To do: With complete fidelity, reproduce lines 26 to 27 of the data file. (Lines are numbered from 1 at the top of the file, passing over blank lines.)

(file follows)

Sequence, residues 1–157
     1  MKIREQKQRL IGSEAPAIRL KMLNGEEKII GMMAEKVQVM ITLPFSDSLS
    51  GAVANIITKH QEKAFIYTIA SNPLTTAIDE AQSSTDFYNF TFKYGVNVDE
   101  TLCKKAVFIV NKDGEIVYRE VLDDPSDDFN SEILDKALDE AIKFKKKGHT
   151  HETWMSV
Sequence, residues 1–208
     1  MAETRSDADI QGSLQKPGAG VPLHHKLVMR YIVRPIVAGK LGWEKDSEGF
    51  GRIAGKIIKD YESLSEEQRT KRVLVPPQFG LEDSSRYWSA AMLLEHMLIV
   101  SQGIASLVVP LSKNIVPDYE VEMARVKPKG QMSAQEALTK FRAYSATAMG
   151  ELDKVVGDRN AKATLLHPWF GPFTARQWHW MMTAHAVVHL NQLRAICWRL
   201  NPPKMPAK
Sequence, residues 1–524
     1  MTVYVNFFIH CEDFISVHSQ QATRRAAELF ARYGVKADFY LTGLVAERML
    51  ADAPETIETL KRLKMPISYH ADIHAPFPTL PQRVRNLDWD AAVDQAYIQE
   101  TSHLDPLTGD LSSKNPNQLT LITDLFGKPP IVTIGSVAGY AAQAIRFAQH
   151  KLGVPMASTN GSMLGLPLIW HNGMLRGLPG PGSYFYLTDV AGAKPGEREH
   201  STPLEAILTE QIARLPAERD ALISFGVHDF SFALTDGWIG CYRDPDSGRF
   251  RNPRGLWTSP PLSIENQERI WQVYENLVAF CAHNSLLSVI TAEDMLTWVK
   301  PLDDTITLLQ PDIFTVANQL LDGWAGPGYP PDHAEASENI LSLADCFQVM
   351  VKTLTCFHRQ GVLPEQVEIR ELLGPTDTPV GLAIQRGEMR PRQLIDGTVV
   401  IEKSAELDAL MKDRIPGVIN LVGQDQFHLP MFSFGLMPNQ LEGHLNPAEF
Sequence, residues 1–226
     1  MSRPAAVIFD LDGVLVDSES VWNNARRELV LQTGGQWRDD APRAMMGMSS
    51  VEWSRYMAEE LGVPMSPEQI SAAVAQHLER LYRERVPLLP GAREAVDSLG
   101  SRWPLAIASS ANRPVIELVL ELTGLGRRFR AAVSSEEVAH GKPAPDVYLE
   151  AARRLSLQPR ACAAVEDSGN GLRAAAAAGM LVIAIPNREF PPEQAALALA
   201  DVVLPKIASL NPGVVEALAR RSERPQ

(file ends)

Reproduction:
   151  AARRLSLQPR ACAAVEDSGN GLRAAAAAGM LVIAIPNREF PPEQAALALA
   201  DVVLPKIASL NPGVVEALAR RSERPQ